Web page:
Euphoria for Bitcoin Futures Conjures Bad CDO Memories for One FirmBy
Themis Trading is raising a red flag about the exuberance surrounding CME Group Inc.’s plans to introduce bitcoin futures by the end of the year.
The Chatham, New Jersey-based institutional-brokerage firm says the CME is caving in to clients who are asking for ways to trade bitcoin, even though the CME knows the exchanges on which they’re basing their bitcoin index are questionable. The index would determine the prices on which the futures will be settled in cash.
“We think that the CME knows that the underlying market for bitcoin is very suspect. We think they know that the bitcoin exchanges have been subject to numerous cases of fraud and theft over the past few years,” Themis Trading wrote in a blog post today. So the exchange created the CME CF Bitcoin Reference Rate and “just like that, the creation of an index has apparently legitimized bitcoin trading.”
Themis says it would be dangerous and irresponsible for the Commodity Futures Trading Commission to approve bitcoin futures proposals, as the products are like collateralized debt obligations, which placed a seal of approval on very risky mortgages and helped fuel the 2008 financial crisis. The firm’s biggest fear is that if the CFTC approves bitcoin futures, the Securities and Exchange Commission might approve bitcoin exchange-traded funds. In that case, the ETFs would get “buried in numerous portfolios that do not have a risk tolerance for trading an asset that is unregulated.”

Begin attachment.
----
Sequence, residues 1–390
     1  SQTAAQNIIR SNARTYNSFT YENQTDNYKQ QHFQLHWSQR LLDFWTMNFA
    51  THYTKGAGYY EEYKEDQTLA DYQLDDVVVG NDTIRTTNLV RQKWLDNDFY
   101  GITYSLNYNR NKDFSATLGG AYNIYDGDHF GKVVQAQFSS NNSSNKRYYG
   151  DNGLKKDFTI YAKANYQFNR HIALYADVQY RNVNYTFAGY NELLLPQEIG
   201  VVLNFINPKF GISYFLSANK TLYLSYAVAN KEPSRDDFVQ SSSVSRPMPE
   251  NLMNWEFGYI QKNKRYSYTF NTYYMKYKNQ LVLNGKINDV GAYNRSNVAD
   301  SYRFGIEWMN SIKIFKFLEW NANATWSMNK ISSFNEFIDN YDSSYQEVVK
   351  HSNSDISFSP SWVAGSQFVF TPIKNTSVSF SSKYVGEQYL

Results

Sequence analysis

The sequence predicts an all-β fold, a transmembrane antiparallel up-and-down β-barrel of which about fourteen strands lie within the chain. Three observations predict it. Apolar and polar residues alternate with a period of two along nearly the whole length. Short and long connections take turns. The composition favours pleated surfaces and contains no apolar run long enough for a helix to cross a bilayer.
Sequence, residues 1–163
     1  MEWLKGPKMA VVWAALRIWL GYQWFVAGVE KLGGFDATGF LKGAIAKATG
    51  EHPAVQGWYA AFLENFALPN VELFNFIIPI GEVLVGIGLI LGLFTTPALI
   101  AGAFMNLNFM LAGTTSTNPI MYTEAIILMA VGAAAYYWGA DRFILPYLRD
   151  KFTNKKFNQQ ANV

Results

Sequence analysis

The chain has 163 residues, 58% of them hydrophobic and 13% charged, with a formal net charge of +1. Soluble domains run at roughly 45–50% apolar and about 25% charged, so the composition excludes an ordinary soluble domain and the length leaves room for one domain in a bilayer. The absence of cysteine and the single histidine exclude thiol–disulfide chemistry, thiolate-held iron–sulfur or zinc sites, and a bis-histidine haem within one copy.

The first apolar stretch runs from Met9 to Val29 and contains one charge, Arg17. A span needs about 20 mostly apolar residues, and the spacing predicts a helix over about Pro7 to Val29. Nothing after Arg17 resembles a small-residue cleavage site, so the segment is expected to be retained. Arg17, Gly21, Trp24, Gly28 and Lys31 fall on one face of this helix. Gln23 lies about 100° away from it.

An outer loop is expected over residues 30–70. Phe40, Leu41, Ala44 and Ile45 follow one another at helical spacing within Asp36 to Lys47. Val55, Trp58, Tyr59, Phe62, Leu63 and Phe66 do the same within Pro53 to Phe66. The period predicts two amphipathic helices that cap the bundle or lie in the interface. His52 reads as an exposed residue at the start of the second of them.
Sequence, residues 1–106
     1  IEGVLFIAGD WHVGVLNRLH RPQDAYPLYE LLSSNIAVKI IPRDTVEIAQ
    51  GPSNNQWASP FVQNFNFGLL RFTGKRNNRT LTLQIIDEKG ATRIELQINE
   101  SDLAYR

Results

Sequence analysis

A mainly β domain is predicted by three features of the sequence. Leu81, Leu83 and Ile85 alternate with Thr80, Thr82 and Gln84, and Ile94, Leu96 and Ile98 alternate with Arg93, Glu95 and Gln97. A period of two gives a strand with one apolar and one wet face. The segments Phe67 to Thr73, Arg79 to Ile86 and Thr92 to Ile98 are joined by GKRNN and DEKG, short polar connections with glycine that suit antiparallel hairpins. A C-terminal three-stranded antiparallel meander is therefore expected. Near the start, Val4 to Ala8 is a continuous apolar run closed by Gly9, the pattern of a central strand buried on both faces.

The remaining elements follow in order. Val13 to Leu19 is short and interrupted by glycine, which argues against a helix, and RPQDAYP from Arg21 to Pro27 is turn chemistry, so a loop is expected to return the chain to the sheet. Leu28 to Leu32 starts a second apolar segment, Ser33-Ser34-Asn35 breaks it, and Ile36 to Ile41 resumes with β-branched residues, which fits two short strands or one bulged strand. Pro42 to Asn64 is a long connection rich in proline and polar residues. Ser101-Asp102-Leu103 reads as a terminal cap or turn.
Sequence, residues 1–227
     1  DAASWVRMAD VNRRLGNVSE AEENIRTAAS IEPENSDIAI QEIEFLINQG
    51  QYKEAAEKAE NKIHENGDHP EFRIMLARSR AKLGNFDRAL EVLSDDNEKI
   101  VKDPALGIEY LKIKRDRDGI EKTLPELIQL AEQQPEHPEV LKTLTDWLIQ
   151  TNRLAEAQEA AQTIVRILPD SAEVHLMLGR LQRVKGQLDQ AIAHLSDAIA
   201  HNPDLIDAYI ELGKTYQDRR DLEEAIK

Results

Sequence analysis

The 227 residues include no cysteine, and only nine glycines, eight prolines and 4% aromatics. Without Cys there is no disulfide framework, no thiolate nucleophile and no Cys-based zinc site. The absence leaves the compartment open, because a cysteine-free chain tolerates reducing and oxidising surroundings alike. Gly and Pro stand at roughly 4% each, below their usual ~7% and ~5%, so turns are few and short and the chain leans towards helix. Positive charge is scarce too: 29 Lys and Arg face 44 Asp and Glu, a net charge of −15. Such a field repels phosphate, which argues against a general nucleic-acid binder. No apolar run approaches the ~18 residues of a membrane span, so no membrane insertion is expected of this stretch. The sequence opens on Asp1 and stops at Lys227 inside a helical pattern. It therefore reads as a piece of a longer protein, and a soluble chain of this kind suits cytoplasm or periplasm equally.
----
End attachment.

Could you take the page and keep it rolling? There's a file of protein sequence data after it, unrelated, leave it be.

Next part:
Asked whether he’s concerned about a potential bubble, CME Chief Executive Officer Terry Duffy said yesterday on Bloomberg TV that the firm’s job is to “manage risk, not decide what the price of a product is.” Duffy also said the CME isn’t helping bitcoin traders skirt financial system as the contracts will follow regulations.
The CFTC has already approved bitcoin futures. They registered LedgerX as a federally regulated crypto derivatives trading platform and clearinghouse in July. Bitcoin futures have already been trading on a the platform for about a month. Just like the CME, the CBOE is also waiting for CFTC approval, but if a startup could win approval, it’s unclear why the biggest derivatives exchanges in the U.S. wouldn’t be able to.
It remains to be seen though, whether this will sway the SEC towards approving the long awaited and feared bitcoin ETF.